Relative to standards, a high priority issue was standards for safety (as expected). It’s an open question on how well existing safety standards for similar electronics are applicable or whether new and modified standards will be needed to meet industry expectations. Wireless communications standards were also high on the list. Will existing standards apply directly, enabling utilities to maintain consistency with existing infrastructure? Will AR solutions coexist in a utility communications environment? Will interference issues need to be addressed? These issues will all need to be addressed in driving adoption.

Other important standardization considerations include device physical connection standards and power management. Hardware ruggedness for sometimes harsh field conditions must also be considered. A general need to move towards plug and play interoperability has also been cited to assure seamless integration of AR solutions into the utility environment. Beyond the traditional realm of standards, there is also a critical need to address internal utility process standards (e.g., work instructions, work flows) and compatibility with the Common Information Model (CIM) used in the utility industry.

Augmented reality solutions clearly have potential benefits for application in the utility environment. However, many issues remain to be addressed to build the business case, as well as to gain the acceptance and adoption by the utility community. Compelling use cases, standards, education, and the unique utility regulatory environment will all need to be pursued to implement AR solutions into the utility industry.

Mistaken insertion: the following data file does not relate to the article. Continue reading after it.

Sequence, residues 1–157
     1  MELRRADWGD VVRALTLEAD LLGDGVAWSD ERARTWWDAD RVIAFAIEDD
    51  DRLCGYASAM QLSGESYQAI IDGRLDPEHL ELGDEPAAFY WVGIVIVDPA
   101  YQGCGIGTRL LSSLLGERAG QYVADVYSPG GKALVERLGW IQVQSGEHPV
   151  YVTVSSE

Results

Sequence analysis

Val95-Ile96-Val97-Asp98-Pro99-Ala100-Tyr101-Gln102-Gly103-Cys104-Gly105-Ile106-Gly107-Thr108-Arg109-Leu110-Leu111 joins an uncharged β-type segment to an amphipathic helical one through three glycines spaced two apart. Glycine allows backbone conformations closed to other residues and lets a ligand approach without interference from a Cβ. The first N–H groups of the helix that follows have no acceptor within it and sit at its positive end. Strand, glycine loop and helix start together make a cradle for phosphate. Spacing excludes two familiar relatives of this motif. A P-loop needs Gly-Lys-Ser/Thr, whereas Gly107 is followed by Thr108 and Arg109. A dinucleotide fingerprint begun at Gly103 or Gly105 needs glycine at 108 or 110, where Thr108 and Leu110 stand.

See what IEEE-SA is doing in the AR space.

What do you think? Share your point of view on the growth and challenges of AR.

IEEE 1264™ Guides Utilities in Mitigating Animal Intrusions to Increase Grid Reliability

By John Randolph, Chair, IEEE 1264 Working Group

Many people may not realize that animals can be a leading cause of electricity outages, which has an adverse impact on overall electric grid reliability. In fact, most electric utilities have experienced the problem of animal intrusions into electric supply substations, which has resulted in equipment damage, interruption or loss of service to customers, and safety problems for operating personnel.

For example, on July 13, 2015 a squirrel worked its way into a transformer and caused an outage that affected more than 6,000 Nashville Electric Service customers in Hendersonville, Tennessee. In early June 2015, Pacific Gas & Electric Company experienced a substation outage in El Cerrito, California impacting 45,000 customers. In this instance, a squirrel caused a flashover on a key circuit breaker linked to multiple transformer sources.

To address these intrusions from the animal kingdom, IEEE has created the standard IEEE 1264™ to guide utilities in deterring animals from causing problems inside substations. This recently revised standard identifies various troublesome animals and the problems caused by their behaviors, while also outlining mitigation methods. What’s more, the standard provides criteria for applying mitigation methods, documentation methods, and recommendations for evaluating effectiveness after the method is applied.

From an earlier survey, North American utilities responded that the top 2 primary sources for animal-related outages are squirrels and birds. Other secondary sources include raccoons, opossums, snakes, cats, mice and rats. Yet there are a number of other rodents, insects, mammals and reptiles that can also cause problems, albeit these are less endemic overall.